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Career mode features the curious addition of Mods - randomised packs of cards that boost performance or dare you to race with tougher settings for an increased payout. They feel tacked on, and the economy balance doesn't really make them worthwhile.

Fortunately, this mode is joined by a wonderful sideshow suite called Showcases, which is easily the most creative and exciting single-player content Turn 10 has produced to date. Here you can sample a wide range of hardware, in exciting in scenarios, without having to buy it first, and fully half the events are unlocked at the start. There are classic moments in the history of motorsport, modern racing formulae, demanding autocross time trials and tight factory-spec races. Forza has historically been designed as a utilitarian framework for racing, so it's a surprise and a delight to see some strongly flavoured game design like Showcases this time around.

But it's still framework that Turn 10 excels at - that Microsoft excels at - and that is why Forza Motorsport 6's online modes leave almost all its competition for dust. For my money, the only other online racing experiences that can hold a candle to it are Mario Kart 8 and iRacing, which exist so far to either side of the spectrum as to barely be considered competition at all.

It is a strange anachronism of the racing game scene that many titles, even Gran Turismo, expect players to manually browse lobby lists if they want to race online at all. Forza is perhaps the only game in the genre that offers features taken for granted in other competitive fields like shooting, fighting or strategy games: sound matchmaking, automated playlists, streamlined leaderboards and a changing calendar of events. It has also fostered a unique and creative community around trading paint jobs and tunes for its cars; there's no other game in which you can buy a stock Alfa Romeo 155 saloon and then download the work of other players to turn it into its monstrous 90s touring car alter ego, complete with accurate livery.

Forza 6 takes another big step forward with the addition of League racing, a ladder system for ranked play that filters players into five ability brackets. Each bracket hosts multiple themed leagues, with sessions open at varying times of day, and car classes and difficulty settings that suit players' ability. A league generally lasts a week and, when it closes, you receive a credits payout according to where you placed out of the hundreds or thousands of players that took part.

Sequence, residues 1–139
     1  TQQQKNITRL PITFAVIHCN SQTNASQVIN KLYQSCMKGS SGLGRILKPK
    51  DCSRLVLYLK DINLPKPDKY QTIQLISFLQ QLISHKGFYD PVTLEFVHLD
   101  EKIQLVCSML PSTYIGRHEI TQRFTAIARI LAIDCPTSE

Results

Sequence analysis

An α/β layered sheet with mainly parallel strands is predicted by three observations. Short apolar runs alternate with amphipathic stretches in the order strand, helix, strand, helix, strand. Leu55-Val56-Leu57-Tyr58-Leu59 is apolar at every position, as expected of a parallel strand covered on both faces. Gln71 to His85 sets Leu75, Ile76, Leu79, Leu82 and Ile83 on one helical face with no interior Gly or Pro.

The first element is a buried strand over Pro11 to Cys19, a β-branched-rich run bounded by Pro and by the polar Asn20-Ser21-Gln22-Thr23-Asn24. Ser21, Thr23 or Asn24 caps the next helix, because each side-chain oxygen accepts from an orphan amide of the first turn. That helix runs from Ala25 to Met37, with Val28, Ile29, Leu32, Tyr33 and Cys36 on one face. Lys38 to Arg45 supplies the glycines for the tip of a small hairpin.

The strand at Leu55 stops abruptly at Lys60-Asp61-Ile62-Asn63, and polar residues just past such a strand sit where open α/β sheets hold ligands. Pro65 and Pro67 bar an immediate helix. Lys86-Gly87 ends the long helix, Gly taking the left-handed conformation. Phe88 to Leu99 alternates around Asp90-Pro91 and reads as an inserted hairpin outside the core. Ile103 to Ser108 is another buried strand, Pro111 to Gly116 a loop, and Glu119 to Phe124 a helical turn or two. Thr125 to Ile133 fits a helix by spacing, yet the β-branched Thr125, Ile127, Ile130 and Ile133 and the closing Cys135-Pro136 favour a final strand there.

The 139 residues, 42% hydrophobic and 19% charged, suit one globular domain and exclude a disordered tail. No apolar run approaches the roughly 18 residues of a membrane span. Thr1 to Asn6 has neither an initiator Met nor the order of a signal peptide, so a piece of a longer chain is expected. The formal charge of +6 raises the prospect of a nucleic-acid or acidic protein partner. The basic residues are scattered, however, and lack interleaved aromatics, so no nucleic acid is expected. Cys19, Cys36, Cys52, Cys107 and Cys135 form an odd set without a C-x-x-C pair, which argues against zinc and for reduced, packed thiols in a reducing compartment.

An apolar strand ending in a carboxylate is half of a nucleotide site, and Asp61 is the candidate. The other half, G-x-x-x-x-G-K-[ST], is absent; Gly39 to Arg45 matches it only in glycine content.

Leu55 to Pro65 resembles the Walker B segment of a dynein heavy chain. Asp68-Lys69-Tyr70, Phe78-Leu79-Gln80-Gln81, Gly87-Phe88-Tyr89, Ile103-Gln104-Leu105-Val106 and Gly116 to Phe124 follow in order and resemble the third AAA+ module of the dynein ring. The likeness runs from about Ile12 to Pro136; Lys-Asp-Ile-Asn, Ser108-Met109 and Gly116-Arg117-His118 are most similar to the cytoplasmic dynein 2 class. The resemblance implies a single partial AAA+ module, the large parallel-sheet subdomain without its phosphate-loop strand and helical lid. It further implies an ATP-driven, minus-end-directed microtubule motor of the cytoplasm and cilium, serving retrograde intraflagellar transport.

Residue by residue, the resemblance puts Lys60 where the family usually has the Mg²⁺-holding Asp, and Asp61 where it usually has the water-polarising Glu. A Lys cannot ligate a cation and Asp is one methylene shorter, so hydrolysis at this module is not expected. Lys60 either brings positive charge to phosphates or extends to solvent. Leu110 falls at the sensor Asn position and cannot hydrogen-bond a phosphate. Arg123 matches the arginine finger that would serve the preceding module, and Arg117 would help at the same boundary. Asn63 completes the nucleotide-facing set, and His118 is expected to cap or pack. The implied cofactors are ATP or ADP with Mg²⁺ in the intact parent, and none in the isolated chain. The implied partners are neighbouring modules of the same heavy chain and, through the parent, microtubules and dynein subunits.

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If the erratic 'drivatar' AI frustrates you, you can turn its aggression off in settings, but that just makes it lifeless.

League racing could use some further tweaks and a bit more transparency about how it works, but it's off to a great start already. Whilst its scoring system initially seems to encourage grinding, you'll find that a just a few good results will catapult you up the rankings, especially if you beat players who are ranked higher than you. Just competing for position in a single League over the course of a week is exciting stuff, and the following week you'll have a new race series to look forward to, as well as the prospect of promotion to a higher bracket.

Turn 10 has said that the impetus behind Leagues is to provide an online environment where you'll always find players of similar ability, and it already looks like a success on that score. A further promise that it will filter players according to temperament, so clean racers and those who "enjoy contact" will be kept apart, will be harder to fulfil - especially since the Forza community displays a continuing and aggravating inability to get round turn one of any given race without a massive pile-up.

But this is just what I mean by the value of a corporate approach to making games. It's Microsoft - in the guise of Turn 10, which was founded and is based on its Redmond campus - whose unglamorous focus on engineering solutions to user problems is dragging online racing games into the 2010s, where they can finally join the likes of StarCraft and Call of Duty in providing a competitive environment that's fair, serious, seamless and fun. Whilst I agree with Martin that some aspects of Forza are starting to look a little dog-eared - notably the trudge of its main career mode - it has other qualities that remain streets ahead of all its rivals.

Forza Motorsport 6 is too square to be cool, too rational to capture the romance of motorsport, too formulaic to capture its gritty, high-stakes drama. But it's also too good to ignore.

About the author

Oli Welsh

Oli Welsh

Editor

Oli is the editor of Eurogamer.net and likes to take things one word at a time. His friends call him The European, but that's just a coincidence. He's still playing Diablo 3.